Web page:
Carolyn Brighouse, Jess Hartcher-O’Brien and Carmel A. Levitan
Seyed Ali Amirshahi, Gregor Uwe Hayn-Leichsenring, Joachim Denzler and Christoph Redies
The rule of thirds (ROT) is one of the best-known composition rules used in painting and photography. According to this rule, the focus point of an image should be placed along one of the third lines or on one of the four intersections of the third lines, to give aesthetically pleasing results. Recently, calculated saliency maps have been used in an attempt to predict whether or not images obey the rule of thirds. In the present study, we challenged this computer-based approach by comparing calculated ROT values with behavioral (subjective) ROT scores obtained from 30 participants in a psychological experiment. For photographs that did not follow the rule of thirds, subjective ROT scores matched calculated ROT values reasonably well. For photographs that followed the rule of thirds, we found a moderate correlation between subjective scores and calculated values. However, aesthetic rating scores correlated only weakly with subjective ROT scores and not at all with calculated ROT values. Moreover, for photographs that were rated as highly aesthetic and for a large set of paintings, calculated ROT values were about as low as in photographs that did not follow the rule of thirds. In conclusion, the computer-based ROT metrics can predict the behavioral data, but not completely. Despite its proclaimed importance in artistic composition, the rule of thirds seems to play only a minor, if any, role in large sets of high-quality photographs and paintings.
Robert M. French, Caspar Addyman, Denis Mareschal and Elizabeth Thomas
Sharon Gilaie-Dotan, Geraint Rees, Brian Butterworth and Marinella Cappelletti
It has been suggested that the human ability to process number and time both rely on common magnitude mechanisms, yet for time this commonality has mainly been investigated in the sub-second rather than longer time ranges. Here we examined whether number processing is associated with timing in time ranges greater than a second. Specifically, we tested long duration estimation abilities in adults with a developmental impairment in numerical processing (dyscalculia), reasoning that any such timing impairment co-occurring with dyscalculia may be consistent with joint mechanisms for time estimation and number processing. Dyscalculics and age-matched controls were tested on supra-second temporal estimation (12 s), a difficulty-matched non-temporal control task, as well as mathematical abilities. Consistent with our hypothesis, dyscalculics were significantly impaired in supra-second duration estimation but not in the control task. Furthermore, supra-second timing ability positively correlated with mathematical proficiency. All participants reported that they used counting to estimate time, although no specific instructions were given with respect to counting. These results suggest that numerical processing and supra-second temporal estimation share common mechanisms. However, since this conclusion is also based on subjective observations, further work needs to be done to determine whether mathematical impairment co-occurs with supra-second time estimation impairment when counting is not involved in and is objectively controlled for during supra-second timing. We hypothesize that counting, that does not develop normally in dyscalculics, might underlie and adversely affect dyscalculics’ supra-second time estimation performance, rather than an impairment of a magnitude mechanism or the internal clock pacemaker.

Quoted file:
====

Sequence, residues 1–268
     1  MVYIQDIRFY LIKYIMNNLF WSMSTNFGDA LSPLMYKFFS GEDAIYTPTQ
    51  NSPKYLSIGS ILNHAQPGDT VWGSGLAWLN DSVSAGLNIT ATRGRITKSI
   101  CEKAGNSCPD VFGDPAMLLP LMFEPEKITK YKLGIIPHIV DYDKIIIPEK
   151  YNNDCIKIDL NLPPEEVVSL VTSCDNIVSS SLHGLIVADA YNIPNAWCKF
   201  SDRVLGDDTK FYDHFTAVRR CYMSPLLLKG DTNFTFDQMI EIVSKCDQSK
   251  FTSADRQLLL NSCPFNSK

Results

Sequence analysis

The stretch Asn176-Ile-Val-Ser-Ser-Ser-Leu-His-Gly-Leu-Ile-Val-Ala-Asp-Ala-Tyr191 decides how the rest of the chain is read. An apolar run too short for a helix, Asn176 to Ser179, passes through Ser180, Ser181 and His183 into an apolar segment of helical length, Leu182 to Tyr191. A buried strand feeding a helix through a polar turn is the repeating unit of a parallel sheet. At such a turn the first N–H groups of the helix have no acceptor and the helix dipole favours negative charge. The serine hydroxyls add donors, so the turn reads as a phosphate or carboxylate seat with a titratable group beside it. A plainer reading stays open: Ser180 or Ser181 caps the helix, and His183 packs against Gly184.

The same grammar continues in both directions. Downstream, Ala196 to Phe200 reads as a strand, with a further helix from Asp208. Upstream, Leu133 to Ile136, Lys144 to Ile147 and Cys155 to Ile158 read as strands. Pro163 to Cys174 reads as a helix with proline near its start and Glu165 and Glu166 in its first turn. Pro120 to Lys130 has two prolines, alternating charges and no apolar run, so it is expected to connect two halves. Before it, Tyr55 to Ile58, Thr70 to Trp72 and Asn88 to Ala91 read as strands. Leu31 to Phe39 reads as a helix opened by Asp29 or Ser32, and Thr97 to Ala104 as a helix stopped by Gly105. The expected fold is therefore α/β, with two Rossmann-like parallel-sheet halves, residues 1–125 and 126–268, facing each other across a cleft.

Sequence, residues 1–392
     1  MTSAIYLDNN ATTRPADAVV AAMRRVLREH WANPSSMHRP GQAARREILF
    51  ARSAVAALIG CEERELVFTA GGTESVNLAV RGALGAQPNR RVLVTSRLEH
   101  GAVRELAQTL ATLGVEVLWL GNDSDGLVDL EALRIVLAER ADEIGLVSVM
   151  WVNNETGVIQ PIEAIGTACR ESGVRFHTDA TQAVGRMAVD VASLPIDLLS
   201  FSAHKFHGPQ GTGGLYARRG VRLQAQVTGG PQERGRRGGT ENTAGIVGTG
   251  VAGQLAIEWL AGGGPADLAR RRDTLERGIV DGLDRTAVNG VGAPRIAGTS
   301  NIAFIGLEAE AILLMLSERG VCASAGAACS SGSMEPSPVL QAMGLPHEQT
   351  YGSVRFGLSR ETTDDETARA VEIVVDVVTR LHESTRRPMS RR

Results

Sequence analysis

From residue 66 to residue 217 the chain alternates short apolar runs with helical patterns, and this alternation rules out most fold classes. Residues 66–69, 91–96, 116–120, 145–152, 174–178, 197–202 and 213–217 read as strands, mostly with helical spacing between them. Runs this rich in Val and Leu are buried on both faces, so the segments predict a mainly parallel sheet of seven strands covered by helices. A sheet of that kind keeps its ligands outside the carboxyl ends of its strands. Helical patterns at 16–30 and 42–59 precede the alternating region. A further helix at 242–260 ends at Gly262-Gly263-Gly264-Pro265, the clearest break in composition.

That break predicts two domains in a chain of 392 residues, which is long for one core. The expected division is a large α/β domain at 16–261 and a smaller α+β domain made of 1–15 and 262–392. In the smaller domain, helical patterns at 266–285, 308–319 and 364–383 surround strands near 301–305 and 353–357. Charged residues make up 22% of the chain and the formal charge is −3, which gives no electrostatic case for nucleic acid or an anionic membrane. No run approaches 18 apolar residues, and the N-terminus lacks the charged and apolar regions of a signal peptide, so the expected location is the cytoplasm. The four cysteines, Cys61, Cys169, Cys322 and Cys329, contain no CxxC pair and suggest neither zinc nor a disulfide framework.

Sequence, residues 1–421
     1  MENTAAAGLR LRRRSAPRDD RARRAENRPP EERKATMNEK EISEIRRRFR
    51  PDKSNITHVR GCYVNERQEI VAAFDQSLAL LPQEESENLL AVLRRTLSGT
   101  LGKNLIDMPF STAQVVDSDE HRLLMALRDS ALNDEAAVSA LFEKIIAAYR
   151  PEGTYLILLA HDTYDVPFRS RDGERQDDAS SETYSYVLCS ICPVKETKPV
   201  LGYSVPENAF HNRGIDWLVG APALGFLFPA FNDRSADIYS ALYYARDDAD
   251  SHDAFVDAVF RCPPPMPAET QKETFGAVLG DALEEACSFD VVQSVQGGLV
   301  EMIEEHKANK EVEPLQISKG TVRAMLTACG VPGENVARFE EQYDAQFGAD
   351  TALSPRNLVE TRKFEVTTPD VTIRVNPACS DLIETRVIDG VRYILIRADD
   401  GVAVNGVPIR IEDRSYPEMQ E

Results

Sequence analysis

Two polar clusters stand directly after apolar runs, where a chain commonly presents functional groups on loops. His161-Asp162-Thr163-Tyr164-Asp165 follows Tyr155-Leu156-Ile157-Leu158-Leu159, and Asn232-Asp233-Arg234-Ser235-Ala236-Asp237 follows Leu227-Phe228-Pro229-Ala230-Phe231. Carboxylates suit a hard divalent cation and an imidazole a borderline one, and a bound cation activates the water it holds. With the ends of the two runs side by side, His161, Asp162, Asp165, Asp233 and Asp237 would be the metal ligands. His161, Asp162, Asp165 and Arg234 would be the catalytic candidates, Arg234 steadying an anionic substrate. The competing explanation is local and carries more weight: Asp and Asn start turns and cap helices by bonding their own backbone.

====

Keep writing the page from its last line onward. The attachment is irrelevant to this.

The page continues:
Vijay Mohan K. Namboodiri, Stefan Mihalas and Marshall G. H. Shuler
William J. Matthews, Devin B. Terhune, Hedderik van Rijn, David M. Eagleman, Marc A. Sommer and Warren H. Meck
David J. Brown, Andrew J. R. Simpson and Michael J. Proulx
Sensory substitution devices such as The vOICe convert visual imagery into auditory soundscapes and can provide a basic ‘visual’ percept to those with visual impairment. However, it is not known whether technical or perceptual limits dominate the practical efficacy of such systems. By manipulating the resolution of sonified images and asking naïve sighted participants to identify visual objects through a six-alternative forced-choice procedure (6AFC) we demonstrate a ‘ceiling effect’ at 8 × 8 pixels, in both visual and tactile conditions, that is well below the theoretical limits of the technology. We discuss our results in the context of auditory neural limits on the representation of ‘auditory’ objects in a cortical hierarchy and how perceptual training may be used to circumvent these limitations.
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